Home > Interviews


INTERVIEWS about the project

Librarians and the Digital Age (Michaela Ullmann)

How has digitization impacted Academic Libraries?

Digitization has a great impact on Academic Libraries. Many of them have actually established their own Digital Libraries. They are a great tool that allow our patrons to access our materials online now. Although people can look at materials on their own computers, wherever and whenever, the exposure and access to materials that before were sometimes difficult to discover actually draws more patrons into the libraries. Digital Libraries are a great compliment to physical sources and materials. Online finding aids for our physical collections, the USC Digital Library, and other USC digital sources don't only draw in USC students but also researchers from all over the world.
Depending on the research focus and extent, it may be enough for some patrons to view the digital surrogate online, but in many cases, researchers want the explore the physical materials they discovered online to examine them closer, or to take into consideration things that cannot represented well in an electronic copy.
Digitization furthermore plays an important role in preservation, and increansingly in teaching. Projects like this one allow faculty and their students to collaborate using rare materials in Special Collections, and to create new, digital content around our collections.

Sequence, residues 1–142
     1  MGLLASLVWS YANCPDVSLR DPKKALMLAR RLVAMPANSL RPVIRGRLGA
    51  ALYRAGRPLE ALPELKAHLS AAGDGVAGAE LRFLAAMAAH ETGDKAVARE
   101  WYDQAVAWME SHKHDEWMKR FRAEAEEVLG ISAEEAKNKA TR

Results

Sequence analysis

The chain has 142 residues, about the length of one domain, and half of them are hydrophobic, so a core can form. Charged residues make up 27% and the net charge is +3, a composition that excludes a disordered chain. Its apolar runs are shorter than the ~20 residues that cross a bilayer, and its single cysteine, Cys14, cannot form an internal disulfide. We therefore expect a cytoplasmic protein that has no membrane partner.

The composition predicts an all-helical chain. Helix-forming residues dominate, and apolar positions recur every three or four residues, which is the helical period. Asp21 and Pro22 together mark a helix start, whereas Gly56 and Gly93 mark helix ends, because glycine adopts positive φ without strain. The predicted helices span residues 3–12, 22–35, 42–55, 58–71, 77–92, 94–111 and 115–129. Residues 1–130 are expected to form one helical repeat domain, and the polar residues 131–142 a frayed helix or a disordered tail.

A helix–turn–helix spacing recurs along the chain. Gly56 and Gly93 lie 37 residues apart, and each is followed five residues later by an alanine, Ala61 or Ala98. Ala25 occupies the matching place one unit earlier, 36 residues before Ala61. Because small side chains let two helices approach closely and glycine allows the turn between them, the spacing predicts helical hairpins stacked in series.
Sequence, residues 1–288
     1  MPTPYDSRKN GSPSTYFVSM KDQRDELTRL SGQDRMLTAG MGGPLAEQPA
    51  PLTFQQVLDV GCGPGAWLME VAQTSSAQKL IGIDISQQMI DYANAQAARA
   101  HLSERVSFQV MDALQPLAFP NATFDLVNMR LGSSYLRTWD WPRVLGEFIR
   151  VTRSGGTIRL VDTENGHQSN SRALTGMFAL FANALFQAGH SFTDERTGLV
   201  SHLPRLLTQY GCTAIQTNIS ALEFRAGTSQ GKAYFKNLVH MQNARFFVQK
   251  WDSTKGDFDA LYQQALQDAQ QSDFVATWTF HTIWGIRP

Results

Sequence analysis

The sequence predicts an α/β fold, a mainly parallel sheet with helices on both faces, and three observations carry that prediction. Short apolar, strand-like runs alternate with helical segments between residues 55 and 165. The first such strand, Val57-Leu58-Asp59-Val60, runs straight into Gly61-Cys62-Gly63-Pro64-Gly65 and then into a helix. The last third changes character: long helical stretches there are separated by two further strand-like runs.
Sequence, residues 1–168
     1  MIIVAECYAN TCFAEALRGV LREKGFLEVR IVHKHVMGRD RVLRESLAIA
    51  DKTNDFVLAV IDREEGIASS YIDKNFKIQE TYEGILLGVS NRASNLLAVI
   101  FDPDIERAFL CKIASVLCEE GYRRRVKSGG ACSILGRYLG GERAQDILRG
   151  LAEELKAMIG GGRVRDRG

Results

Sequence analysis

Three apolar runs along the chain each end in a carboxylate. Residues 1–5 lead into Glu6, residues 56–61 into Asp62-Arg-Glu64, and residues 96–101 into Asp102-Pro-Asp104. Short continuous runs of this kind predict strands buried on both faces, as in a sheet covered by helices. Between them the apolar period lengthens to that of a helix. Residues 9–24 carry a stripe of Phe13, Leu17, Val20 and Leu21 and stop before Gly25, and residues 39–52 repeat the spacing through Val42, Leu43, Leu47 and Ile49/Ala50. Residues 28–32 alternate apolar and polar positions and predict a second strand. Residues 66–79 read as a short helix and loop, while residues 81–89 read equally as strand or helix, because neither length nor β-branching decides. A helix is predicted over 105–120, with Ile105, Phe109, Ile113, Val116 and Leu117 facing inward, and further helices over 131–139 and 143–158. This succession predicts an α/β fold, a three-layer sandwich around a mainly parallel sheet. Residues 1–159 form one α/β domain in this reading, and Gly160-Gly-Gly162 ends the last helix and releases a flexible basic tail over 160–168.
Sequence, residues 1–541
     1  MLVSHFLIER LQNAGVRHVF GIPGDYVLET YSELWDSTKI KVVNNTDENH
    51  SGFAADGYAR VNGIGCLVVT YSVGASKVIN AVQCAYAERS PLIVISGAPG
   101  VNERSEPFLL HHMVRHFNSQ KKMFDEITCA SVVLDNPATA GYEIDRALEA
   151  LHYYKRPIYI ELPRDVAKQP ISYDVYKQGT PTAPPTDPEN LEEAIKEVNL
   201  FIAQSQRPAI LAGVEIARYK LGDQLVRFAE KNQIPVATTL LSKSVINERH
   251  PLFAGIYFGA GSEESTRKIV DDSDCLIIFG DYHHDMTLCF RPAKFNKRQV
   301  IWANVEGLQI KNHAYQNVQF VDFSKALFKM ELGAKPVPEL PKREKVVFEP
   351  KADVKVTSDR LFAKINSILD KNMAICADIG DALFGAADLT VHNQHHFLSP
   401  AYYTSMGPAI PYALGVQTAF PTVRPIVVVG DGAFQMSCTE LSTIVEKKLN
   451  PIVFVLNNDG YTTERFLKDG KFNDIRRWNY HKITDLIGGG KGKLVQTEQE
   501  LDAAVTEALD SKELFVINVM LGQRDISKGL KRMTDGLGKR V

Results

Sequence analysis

What do librarians think of digitization?

I think people often have an antiquated image of librarians as popular culture likes to represent us as having a stiff upper lip, being stuck in the past, and being resistant to change. But that’s really not true. Librarians are Information Specialists. We specialize in providing access to information to our users. Digitization is a great way of allowing a huge number of users to access our collections. My colleagues in our Digital Library are highly trained specialists and use the newest technology and standards for digitization. Don't let that often portrayed and antiquated image of librarians fool you..

Why do the physical copies of documents, books, and other items still matter in the digital age?

Well, for one, digitization and digital humanities is a process and a costly one at that. Digitization does not simply mean scanning an image. There is also metadata involved, storage, and making sure the digital files are supported in the future to prevent loss of data. In addition, it takes a lot of time and effort to digitize a whole collection with often thousands of pages of correspondence.
Furthermore, not everything can be digitized easily. We are still working on ways to truly digitally represent three dimensional artifacts. 
I personally feel that we don't (yet) have the tools to replace the experience of seeing and exploring rare materials in person like during a class visit to Special Collections.
During the summer for example, we hold a freshmen orientation workshop that we call a “Petting Zoo” or a “Treasure Hunt,” where we allow students up close access to materials. During the semester, many classes visit Special Collections with their professors and those visits often feature an in-class activity during which the students get to work with rare books or archival collections. You just don't see the same excitement in a student looking at a digital represenation of an item than when the student gets to explore and often touch "the real thing".